Think of your URL structure as the road map to your writing. If you want to rank for a specific topic, try to edit your blog post URL to further showcase what you want to appear for. (e.g. https://www.webfeatcomplete.com/blog/blogging-best-practices/)

Engaging Blogger Habit 2

Habit 2: Strive to Address Not (Only) Promote

This good blogging habit is particularly hard if you’re not a writing nerd who can write for days on end (Hi!).

The pressure to create concise, intriguing, engaging, unique content for websites can be overwhelming for anyone. Even seasoned writers hit a wall (yes, even me). And one of the biggest consequences of letting that “wall” get the better of you is this:

Promotional blogs.

Tons of promotional blogs.

Too many promotional blogs.

As a company, you have every right to promote yourself on your website, especially if that was why you wanted a website in the first place. It’s good to feature your services, and explain them, or dive head first into the benefits of using X product and here’s how you call us for details. The problem is not within the promotion of your products or services, but rather within the act of only blogging to promote yourself.

No matter how skilled you are at writing, a promotional blog will undoubtedly read as “pushy” or “pitchy” or “aggressively boring” or—most importantly—”robotic.” We must resist the habit of falling to the temptation of the easily created promotional blog.

As digital marketers, we cannot rely on the tips and tricks of years past in order to engage our audiences effectively and fully.

We must be human.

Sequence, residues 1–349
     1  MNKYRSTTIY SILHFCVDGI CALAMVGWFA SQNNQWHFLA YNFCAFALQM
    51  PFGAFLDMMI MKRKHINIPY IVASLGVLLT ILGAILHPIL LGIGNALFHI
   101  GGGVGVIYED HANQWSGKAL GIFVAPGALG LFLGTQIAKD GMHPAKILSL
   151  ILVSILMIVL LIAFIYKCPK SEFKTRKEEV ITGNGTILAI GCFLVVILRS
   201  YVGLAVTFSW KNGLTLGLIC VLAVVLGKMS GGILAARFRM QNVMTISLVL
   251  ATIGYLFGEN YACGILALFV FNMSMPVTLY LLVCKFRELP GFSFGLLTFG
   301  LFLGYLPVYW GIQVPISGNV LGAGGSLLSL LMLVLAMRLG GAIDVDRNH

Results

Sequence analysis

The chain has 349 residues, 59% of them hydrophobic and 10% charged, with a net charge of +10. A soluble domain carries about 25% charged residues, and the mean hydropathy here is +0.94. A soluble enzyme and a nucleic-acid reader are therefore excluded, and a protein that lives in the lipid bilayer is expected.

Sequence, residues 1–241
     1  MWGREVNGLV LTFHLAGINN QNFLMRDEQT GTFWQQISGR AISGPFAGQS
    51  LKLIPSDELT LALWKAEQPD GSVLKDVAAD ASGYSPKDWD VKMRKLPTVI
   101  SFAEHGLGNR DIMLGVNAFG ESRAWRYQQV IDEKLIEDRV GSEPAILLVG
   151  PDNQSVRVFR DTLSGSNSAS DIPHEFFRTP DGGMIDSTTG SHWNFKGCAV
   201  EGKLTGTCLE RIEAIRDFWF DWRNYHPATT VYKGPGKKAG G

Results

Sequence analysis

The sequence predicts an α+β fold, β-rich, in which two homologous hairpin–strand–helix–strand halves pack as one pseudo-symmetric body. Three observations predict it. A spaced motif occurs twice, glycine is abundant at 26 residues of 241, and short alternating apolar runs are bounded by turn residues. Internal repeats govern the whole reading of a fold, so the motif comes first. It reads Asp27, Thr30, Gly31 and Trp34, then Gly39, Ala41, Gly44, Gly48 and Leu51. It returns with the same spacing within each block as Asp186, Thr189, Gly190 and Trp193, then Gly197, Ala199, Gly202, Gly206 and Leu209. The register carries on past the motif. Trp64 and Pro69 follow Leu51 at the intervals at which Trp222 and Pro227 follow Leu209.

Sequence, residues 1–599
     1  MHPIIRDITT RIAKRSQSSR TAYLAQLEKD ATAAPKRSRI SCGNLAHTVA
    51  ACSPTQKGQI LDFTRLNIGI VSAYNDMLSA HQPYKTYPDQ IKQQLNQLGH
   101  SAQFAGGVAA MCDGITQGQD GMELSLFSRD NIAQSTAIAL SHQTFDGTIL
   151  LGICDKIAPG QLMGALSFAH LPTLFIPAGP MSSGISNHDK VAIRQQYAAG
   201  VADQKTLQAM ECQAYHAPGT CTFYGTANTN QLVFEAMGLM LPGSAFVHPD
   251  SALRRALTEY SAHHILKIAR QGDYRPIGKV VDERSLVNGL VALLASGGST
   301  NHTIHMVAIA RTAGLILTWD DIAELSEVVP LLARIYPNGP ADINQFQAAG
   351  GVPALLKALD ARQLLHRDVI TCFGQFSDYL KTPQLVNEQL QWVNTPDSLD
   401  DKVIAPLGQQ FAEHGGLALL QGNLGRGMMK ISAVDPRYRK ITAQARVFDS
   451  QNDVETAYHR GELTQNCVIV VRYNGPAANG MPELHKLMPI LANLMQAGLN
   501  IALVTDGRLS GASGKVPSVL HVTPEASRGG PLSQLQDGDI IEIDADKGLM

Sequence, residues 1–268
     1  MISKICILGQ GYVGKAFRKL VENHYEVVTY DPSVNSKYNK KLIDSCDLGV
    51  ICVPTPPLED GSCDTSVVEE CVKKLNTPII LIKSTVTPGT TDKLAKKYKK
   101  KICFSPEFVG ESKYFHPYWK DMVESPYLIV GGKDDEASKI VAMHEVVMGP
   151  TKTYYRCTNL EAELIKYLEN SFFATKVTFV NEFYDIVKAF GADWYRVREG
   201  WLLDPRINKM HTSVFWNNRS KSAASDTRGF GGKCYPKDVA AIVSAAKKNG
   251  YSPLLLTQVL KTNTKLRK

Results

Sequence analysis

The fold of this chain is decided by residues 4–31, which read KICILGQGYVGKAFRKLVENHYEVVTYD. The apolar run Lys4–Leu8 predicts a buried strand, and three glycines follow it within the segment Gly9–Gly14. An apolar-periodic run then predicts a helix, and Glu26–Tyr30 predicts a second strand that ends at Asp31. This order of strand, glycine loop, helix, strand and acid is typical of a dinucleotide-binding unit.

We must be transparent.

We must write with purpose.

Well, Hanna, if you’re so smart, what kind of blogs should I write?

Good question!

  • Listicles
  • Case Studies
  • Soapbox Features
  • Problems/Solutions
  • Critiques
  • Project Exposés
  • FAQs
  • Company News
  • Viral Chasers
  • Contrairians
  • Interviews
  • Stories
  • Guest Posts
  • Tool/Resource Collections
  • Roundups

The above post types only scratch the surface of what you can write for your company blog. The key is to keep your content focused on the users: what are the questions they need you to answer, what are the topics you find yourself explaining to them over the phone or email, what are the insights you can give that your competition can’t?

When you give your blogs the purpose of giving context to your company, shedding light on the biggest and most prevalent questions your audience has, you’ll find new site visitors who gain interest in your company because you provided something that no one else seems willing to give: clear answers to what they’re searching for, transparency in how those questions relate to your company, and support for their actual needs and not their metaphorical needs.

Need More Habits? Stay Tuned for Part 2!

Habits 3, 4, and 5 of extremely engaging bloggers are on their way to a device near you, this coming soon.

About The Author

Hanna is a Digital Media Designer who loves to blend SEO content strategy with UX design. It's her duty to ensure that your company is represented in a way that your audience will understand. When she's not restructuring and creating website worlds, she loves to paint, write poetry, and dance in the kitchen.

2 Comments

  1. Erik Deckers
    February 3, 2018 at 8:11 pm · Reply

    Great point about #2. If it’s done correctly, an informative blog article will be promotional because you’re basically showing off your knowledge and expertise about a topic. For example, this particular article demonstrates that you know quite a lot about blogging. You understand categories and URL structure, which is more than a lot of people do. The upside is you look like an expert without having to write an article that says “I know a lot about blogging! I know a lot about blogging! I know a lot about blogging!”

    • Hanna Roberts-Williams
      February 5, 2018 at 1:45 pm · Reply

      Thank you so much for your input Erik; hopefully we will continue to press blogging efforts and content marketing deeper into the context of our topics. I don’t understand how anyone these days could think that they can still gain traffic, and an audience, by simply stating “I am credible because I say I am.” It has to stop.